After more than four years in dry-dock, Speedwell Forge Lake began filling up Tuesday.
Engineers for the Pennsylvania Fish and Boat Commission dropped the first stop logs in place in the newly constructed dam. That began backing up Hammer Creek.
Canoeists and kayakers may be paddling around a modest body of water by the weekend, as depth in the lake reaches about 3 feet.
The lake is expected to be completely filled by late spring, said Eric Levis, Fish and Boat Commission spokesman.
But public fishing will take a little longer. Although game fish will be reintroduced beginning this summer, they won’t grow to fishable size until the summer of 2017. Catch-and-release regulations will be in place indefinitely.
But thousands of Lancaster County residents who formerly used the lake have gotten used to waiting to see the lake become a lake again.
The 106-acre impoundment, opened in 1966, was abruptly drained in late 2011 after water swollen by Tropical Storm Lee caused a surge that damaged the 830-foot-long dam and spillway.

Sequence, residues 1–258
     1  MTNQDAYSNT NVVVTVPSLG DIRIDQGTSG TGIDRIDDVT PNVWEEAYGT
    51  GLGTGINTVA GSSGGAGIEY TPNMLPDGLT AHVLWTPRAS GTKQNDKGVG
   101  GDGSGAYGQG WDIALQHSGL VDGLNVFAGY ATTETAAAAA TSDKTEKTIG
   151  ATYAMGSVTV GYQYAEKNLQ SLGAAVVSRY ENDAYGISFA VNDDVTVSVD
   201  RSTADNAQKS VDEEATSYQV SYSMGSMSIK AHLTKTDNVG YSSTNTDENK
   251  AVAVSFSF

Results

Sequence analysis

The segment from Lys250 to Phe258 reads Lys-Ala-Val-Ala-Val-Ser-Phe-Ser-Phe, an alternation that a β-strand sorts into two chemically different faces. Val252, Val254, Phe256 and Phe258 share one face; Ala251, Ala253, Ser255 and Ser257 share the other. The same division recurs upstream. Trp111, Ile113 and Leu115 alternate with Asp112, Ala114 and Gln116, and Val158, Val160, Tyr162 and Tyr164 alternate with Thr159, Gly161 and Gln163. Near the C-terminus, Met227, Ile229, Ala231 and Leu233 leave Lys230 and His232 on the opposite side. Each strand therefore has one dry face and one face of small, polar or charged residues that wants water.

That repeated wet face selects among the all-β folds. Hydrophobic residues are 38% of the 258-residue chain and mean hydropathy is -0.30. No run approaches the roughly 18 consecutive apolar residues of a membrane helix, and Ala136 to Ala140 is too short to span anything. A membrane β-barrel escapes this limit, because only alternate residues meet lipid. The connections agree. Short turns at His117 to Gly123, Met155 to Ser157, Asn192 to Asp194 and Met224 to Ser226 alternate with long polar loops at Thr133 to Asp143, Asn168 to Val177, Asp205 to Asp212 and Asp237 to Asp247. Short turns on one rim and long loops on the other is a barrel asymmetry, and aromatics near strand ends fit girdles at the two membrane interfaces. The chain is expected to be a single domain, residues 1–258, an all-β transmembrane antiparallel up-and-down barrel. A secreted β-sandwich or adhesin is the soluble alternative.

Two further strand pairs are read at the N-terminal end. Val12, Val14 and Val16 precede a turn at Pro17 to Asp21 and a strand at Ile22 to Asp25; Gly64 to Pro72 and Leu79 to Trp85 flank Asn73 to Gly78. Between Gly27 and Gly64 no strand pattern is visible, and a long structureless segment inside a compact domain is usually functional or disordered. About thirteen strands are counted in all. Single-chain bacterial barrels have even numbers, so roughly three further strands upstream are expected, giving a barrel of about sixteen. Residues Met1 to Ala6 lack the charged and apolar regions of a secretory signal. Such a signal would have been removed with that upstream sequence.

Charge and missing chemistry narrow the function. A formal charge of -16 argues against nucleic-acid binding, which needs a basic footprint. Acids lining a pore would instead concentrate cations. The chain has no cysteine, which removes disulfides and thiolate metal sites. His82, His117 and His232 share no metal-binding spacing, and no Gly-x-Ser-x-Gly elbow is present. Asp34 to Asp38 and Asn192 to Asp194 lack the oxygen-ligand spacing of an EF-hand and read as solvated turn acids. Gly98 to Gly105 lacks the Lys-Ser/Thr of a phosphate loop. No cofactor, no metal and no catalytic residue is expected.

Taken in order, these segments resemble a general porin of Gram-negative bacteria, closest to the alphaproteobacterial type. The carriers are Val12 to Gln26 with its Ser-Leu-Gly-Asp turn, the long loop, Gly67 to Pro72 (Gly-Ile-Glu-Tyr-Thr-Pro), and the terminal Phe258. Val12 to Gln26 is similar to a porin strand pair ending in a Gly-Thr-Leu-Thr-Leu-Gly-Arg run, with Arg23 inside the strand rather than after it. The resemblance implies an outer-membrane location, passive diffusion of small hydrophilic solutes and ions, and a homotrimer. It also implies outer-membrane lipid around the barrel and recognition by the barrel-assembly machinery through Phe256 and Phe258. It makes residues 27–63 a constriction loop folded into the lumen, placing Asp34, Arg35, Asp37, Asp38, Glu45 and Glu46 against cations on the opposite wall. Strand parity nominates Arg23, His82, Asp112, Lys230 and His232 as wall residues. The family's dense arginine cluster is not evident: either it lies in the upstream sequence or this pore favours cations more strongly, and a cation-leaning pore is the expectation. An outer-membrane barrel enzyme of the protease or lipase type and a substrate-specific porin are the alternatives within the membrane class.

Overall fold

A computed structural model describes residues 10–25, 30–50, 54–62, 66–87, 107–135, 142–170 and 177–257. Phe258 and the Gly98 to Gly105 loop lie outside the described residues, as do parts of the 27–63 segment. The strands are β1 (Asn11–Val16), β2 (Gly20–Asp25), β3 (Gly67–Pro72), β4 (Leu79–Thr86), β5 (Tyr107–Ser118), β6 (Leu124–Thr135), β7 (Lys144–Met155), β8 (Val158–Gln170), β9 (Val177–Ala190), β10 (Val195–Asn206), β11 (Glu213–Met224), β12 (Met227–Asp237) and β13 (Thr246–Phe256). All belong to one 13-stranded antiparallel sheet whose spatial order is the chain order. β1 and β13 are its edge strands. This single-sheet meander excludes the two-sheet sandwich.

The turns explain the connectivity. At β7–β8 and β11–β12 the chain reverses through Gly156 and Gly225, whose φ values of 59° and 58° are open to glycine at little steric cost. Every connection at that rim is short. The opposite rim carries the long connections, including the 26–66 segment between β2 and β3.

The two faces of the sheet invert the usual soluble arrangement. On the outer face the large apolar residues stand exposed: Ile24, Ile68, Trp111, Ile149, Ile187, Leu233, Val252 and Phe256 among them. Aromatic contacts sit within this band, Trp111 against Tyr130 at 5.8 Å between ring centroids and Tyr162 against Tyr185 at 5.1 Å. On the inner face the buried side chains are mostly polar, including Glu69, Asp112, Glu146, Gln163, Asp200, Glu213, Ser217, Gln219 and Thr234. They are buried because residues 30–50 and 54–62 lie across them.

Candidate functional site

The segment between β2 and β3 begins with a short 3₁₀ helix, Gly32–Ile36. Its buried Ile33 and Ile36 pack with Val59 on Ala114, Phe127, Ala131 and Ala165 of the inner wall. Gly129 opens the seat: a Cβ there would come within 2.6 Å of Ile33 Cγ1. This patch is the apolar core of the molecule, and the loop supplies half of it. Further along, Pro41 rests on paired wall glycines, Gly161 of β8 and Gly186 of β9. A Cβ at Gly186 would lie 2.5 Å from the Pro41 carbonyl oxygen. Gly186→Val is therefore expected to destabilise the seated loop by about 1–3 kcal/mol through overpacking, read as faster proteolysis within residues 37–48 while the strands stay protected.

At first, the Fish and Boat Commission said they did not have the money to repair the dam and the lake north of Lititz would be closed indefinitely.
But a grassroots effort sprung up.
Enlisting the aid of public officials and legislators, money was raised and the commission made repairing the lake a priority.
Repairs cost $6.4 million.
Late Tuesday morning, workers on top of the concrete and earthen dam began lowering several stop logs into an opening called the control tower.
The lake will be allowed to increase in depth about 1 to 3 feet a week, until full. Engineers will make sure the dam is handling the pressure being built up behind it.
“Nobody’s ever happy when we have to drain a facility for multiple years like Speedwell,” Levis said. “The upside is we have a state-of-the-art facility now. This lake was prepared pretty quickly compared to other lakes.”
Once the lake is filled, the next order of business is restoring the fishery in a lake that has been virtually dry for four years.
Some 1,900 fingerling largemouth bass will be stocked this summer, along with 3,200 channel catfish, 5,300 brown bullhead catfish, 5,300 white crappie and 10,600 golden shiners that will serve as forage fish for the bass.
Some 10,600 fingerling bluegill will follow in 2017, after the bass are large enough that the bluegill can’t eat them.
The stocking plan includes subsequent releases of all species of fish in the years ahead.
Milt Lauch, of the Save Speedwell group, has long been looking forward to standing water again outside the windows of his home overlooking the lake.
“It’s still a great view of wetlands but it will be great to see a lake again,” he said. “I have a kayak, I’ll probably paddle around soon and see what it looks like as it fills up.”